|Title||Enrichment of bacterioplankton able to utilize one-carbon and methylated compounds in the coastal Pacific Ocean|
|Publication Type||Journal Article|
|Year of Publication||2018|
|Authors||Dinasquet J., Tiirola M., Azam F|
|Journal||Frontiers in Marine Science|
|Type of Article||Article|
|Keywords||air-sea exchange; bacterial; bacterial community composition; C1; coastal; communities; ecosystem; Environmental Sciences & Ecology; hybridization; identification; in-situ; marine; Marine & Freshwater Biology; methanol; methanol dehydrogenase; mxaF; protein-synthesis; TMAO; trimethylamine n-oxide; tropical atlantic; volatile organic-compounds|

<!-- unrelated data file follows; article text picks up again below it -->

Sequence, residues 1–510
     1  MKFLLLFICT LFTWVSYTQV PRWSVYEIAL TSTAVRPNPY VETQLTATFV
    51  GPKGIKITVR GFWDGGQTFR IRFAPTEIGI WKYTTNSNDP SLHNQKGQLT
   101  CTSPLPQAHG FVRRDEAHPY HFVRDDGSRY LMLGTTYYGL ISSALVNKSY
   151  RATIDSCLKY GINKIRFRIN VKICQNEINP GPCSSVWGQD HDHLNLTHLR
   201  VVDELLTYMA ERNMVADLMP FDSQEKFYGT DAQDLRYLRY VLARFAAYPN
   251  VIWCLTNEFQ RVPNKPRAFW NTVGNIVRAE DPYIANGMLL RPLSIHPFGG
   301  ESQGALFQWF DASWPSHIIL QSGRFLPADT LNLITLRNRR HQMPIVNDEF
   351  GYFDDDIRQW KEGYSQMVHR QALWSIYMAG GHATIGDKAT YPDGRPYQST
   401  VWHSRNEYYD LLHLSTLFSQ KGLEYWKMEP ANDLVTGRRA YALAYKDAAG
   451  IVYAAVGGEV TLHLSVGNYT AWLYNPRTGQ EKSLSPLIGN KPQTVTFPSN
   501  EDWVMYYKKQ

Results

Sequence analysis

Understanding the temporal variations and succession of bacterial communities involved in the turnover of one-carbon and methylated compounds is necessary to better predict bacterial impacts on the marine carbon cycle and air-sea carbon fluxes. The ability of the local bacterioplankton community to exploit one-carbon and methylated compounds as main source of bioavailable carbon during a productive and less productive period was assessed through enrichment experiments. Surface seawater was amended with methanol and trimethylamine-N-oxide (TMAO), and bacterial abundance, production, oxygen consumption, as well as methanol turnover and growth rates of putative methylotrophs were followed. Bacterial community structure and functional diversity was examined through amplicon sequencing of 16S rRNA and methanol dehydrogenase (mxaF) marker genes. 2-fold increase in oxygen consumption and bacterial growth rates, and up to 4-fold higher methanol assimilation were observed in the amended seawater samples. Capacity to drawdown the substrates was similar between both experiments. In less productive conditions, methanol enriched obligate methylotrophs, especially Methylophaga spp., accounted for similar to 70% of bacterial cells analyzed by fluorescence in situ hybridization and 16S rRNA gene sequencing, while TMAO enriched taxa belonged to Oceanospirillales and putative beta- and gamma-Proteobacterial methylotrophs. In the experiment performed during the more productive period, bacterial communities were structurally resistant, suggesting that facultative organisms may have dominated the observed methylotrophic activity. Moreover; enrichment of distinct methylotrophic taxa but similar activity rates observed in response to different substrate additions suggests a functional redundancy of substrate specific marine methylotrophic populations. Marine bacterioplankton cycling of one-carbon and methylated compounds appears to depend on the system productivity, and hence may have predictable temporal impacts on air-sea fluxes of volatile organic compounds.